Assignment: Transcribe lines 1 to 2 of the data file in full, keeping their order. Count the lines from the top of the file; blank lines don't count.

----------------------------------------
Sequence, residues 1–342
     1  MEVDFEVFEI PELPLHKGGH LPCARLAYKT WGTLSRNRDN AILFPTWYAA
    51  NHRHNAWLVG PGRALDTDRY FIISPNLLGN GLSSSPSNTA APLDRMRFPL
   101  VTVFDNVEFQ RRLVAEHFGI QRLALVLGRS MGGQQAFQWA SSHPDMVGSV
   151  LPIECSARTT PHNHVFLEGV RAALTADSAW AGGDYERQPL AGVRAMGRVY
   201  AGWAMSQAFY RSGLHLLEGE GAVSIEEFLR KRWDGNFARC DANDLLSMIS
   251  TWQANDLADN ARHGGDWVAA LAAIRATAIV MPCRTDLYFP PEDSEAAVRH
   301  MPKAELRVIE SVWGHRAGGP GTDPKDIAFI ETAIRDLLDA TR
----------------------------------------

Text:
Sequence, residues 1–342
     1  MEVDFEVFEI PELPLHKGGH LPCARLAYKT WGTLSRNRDN AILFPTWYAA